Then Laban and Bethuel answered, “The matter was decreed by the Lord; we cannot speak to you bad or good. Here is Rebekah before you; take her and go, and let her be a wife to your master’s son, as the Lord has spoken.” When Abraham’s servant heard their words, he bowed low to the ground before the Lord. And the servant took out ornaments of silver and ornaments of gold and garments and he gave them to Rebekah and he gave presents to her brother and her mother. And they ate and drank, he and the men who were with him, and they spent the night and rose in the morning, and he said, “Send me off, that I may go to my master.” And her brother and her mother said, “Let the young woman stay with us ten days or so, then she may go.” And he said to them, “Do not hold me back when the LORD has granted success to my journey. Send me off that I may go to my master.” And they said, “Let us call the young woman and ask for her answer.” And they called Rebekah and said to her, “Will you go with this man?” And she said, “I will.” And they sent off Rebekah their sister, and her nurse, and Abraham’s servant and his men (Genesis 24: 50-59).

I always wondered why Rebekah was so eager to leave her home. Why did she take a chance on a total stranger? What kind of conversations did she have with Abraham’s servant on the long road trip from Haran to Canaan? None of these questions are answered in the biblical tale itself. So this is where Midrash comes in. The midrash also wonders how come her father Bethuel disappears from the conversation after the evening meal and also about the propriety of her traveling with a strange man, a Canaanite servant no less! And notice the difference in style: when Bethuel is around, he peremptorily offers his daughter: “take her and go”! But when her mother is around, they ask her “will you go? They allow her choice and agency. Is her unnamed mother a feminist? We know that Rebekah’s grandmother’s was Milkah, perhaps a queen? (For genealogy see Genesis 22:20-24)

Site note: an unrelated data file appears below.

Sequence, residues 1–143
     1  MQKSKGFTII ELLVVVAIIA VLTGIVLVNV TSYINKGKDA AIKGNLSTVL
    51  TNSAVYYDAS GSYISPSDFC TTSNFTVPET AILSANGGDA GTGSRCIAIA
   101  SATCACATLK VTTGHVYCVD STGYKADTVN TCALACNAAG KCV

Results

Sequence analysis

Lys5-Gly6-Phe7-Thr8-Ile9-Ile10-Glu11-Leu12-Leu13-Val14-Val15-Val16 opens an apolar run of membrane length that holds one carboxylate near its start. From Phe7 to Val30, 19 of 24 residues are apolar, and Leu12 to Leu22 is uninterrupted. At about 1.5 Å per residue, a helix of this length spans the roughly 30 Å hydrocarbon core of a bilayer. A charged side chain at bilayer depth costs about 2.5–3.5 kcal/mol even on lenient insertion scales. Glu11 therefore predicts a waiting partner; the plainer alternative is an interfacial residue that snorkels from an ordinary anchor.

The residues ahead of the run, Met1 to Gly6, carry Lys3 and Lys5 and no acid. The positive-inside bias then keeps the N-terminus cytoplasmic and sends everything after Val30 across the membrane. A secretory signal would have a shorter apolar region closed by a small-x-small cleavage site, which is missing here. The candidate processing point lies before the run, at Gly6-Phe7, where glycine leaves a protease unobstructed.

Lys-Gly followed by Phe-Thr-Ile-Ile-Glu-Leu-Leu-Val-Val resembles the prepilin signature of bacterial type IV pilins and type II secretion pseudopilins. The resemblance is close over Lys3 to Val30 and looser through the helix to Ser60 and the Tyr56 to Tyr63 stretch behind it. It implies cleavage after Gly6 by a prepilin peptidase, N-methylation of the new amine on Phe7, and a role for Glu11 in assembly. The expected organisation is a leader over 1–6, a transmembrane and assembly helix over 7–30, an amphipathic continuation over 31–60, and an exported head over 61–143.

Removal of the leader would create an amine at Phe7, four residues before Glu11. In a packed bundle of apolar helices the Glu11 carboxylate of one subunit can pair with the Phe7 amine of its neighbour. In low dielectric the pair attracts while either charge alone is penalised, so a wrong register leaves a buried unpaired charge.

The midrash totally demonizes Bethuel (whose name sounds like betulah, a virgin—someone has a sense of humor here in the choice of names) and implies that he had plans to sexually abuse her. So God’s angel takes preemptive action:

“Her brother and her mother said: Let the girl remain with us for some days, or ten months; afterward she shall go” (Genesis 24:55).
“Her brother and her mother said: Let the girl remain with us” – where was [her father] Betuel? He wanted to impede [the betrothal of Rebekah] and was stricken down overnight. That is what is written: “The righteousness of the honest will straighten his way” (Proverbs 11:5). “The righteousness of the honest” – this is Isaac; “will straighten his way” – the way of Eliezer. “In his evil, the wicked one is rejected” (Proverbs 11:5) – this is Betuel, who was stricken down overnight.
“Let the girl remain with us some days” – this refers to the seven days of mourning for him [Betuel]. “Or ten months [asor]” – this refers to the twelve months that a virgin is given to secure her needs for herself. *After betrothal, a fiancée is entitled to take twelve months before the wedding to prepare herself (Mishna Ketubot 5:2). Laban and his mother were willing to speed up the process, so they requested only ten months.
“They said: We will call the girl, and ask her response” (Genesis 24:57).
“They said: We will call the girl [and ask her response]” – from here we learn that one may marry off an orphan girl only with her consent.
“They called Rebekah and said to her: Will you go with this man? She said: I will go” (Genesis 24:58).